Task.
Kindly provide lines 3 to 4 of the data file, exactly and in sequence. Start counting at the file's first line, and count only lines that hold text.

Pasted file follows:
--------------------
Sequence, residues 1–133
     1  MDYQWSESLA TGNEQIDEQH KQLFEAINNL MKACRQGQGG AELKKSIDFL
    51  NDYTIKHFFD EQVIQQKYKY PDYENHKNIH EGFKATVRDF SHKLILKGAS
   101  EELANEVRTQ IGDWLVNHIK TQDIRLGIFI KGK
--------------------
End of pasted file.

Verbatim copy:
    51  NDYTIKHFFD EQVIQQKYKY PDYENHKNIH EGFKATVRDF SHKLILKGAS
   101  EELANEVRTQ IGDWLVNHIK TQDIRLGIFI KGK